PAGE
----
If you’re considering purchasing a new HVAC system then your primary fear is spending too much money and not getting enough value in return. Purchasing and installing a new HVAC system is a highly expensive endeavor. But there are other factors to consider besides price.
As you research various units, the efficiency ratings should be a very important factor in helping you arrive at a decision. In the end, your goals are simple: don’t spend more than necessary, finding a unit that will handle both your heating and cooling needs and choosing an energy efficient system.
In order to choose the proper system, you will need to understand the energy efficiency ratings that you will encounter while you’re shopping around. Here is a quick and simple guide to making sense of HVAC energy efficiency ratings
The U.S. Environmental Protection Agency (EPA) introduced ENERGY STAR in 1992 to identify and promote energy efficient devices and appliances. Since then, other countries including the European Union and Canada have adopted the practice as well.
The program tests and certifies various products that require less energy to operate without sacrificing functionality or features. For HVAC systems, to qualify as an ENERGY STAR-approved unit it has to be at least 10% more energy efficient than current federal guidelines.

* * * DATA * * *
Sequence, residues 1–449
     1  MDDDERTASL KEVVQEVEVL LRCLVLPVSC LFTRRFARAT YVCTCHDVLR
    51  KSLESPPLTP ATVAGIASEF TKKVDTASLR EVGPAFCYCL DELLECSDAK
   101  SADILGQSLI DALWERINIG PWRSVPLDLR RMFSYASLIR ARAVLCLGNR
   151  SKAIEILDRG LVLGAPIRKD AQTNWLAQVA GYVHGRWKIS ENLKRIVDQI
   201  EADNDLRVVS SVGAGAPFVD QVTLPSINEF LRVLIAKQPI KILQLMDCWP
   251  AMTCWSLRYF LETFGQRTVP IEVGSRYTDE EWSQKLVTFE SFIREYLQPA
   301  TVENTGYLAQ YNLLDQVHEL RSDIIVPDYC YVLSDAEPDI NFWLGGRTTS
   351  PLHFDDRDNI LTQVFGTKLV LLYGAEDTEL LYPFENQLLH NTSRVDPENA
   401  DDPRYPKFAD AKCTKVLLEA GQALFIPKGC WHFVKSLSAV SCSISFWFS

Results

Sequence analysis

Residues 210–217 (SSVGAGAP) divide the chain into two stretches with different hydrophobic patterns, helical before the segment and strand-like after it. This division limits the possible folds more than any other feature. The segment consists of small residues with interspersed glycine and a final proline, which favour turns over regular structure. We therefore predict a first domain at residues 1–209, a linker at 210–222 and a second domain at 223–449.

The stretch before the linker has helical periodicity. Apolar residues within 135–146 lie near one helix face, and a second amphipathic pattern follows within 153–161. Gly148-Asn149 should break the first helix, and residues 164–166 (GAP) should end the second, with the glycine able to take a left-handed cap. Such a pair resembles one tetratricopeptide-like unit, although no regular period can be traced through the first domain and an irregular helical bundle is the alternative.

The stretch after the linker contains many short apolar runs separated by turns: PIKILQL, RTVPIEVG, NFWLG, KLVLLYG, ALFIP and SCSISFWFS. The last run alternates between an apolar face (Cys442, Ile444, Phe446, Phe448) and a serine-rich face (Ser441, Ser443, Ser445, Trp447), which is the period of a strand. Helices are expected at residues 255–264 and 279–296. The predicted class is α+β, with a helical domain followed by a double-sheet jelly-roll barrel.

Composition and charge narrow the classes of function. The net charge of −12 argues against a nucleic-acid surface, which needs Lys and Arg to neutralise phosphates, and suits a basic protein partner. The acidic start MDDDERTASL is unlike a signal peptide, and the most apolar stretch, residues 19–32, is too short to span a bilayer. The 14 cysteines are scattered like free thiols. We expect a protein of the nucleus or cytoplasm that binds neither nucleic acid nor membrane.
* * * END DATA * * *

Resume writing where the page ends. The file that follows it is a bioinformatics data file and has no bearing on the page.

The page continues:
SEER & EER
The SEER (Seasonal Energy Efficiency Ratio) and EER (Energy Efficiency Ratio) ratings for HVAC units measure a system’s efficiency rating — the higher the rating, the less energy the unit consumes.
What’s the difference between the two? Consider city and highway fuel economy figures for automobiles. An automobile may be rated as 22mpg in the city and 32mpg on the highway. The SEER rating focuses the cooling cycle of HVAC systems while the EER focuses on higher temperatures.
And much like the fuel economy example mentioned above, using both of these ratings combined can help you determine how efficient an HVAC system operates on a year-round basis.
EnergyGuide Labels by the FTC
If you’ve ever purchased a major appliance before, you’ve probably noticed the EnergyGuide label attached to it on the showroom floor. These labels provide two important values: Estimated Yearly Operating Cost and Estimated Yearly Electrical Use.
These two values should give you a clear comparison and understanding of how much energy and individual device will use in a single year.
Shopping for a new HVAC system can be as intimidating as buying a new car. The last thing you want to do is purchase an expensive unit that won’t save you money on a monthly and yearly basis. You want to purchase a system that is energy efficient while not sacrificing features or functionality.
The goal is to purchase a system that works smarter, not harder. By understanding the various ratings for new systems, you will be able to narrow down your choices and ultimately purchase the perfect system for your budget. Don’t just look at price when making a decision. By simply purchasing the cheapest model, it may cost you more on your energy bills in the long run.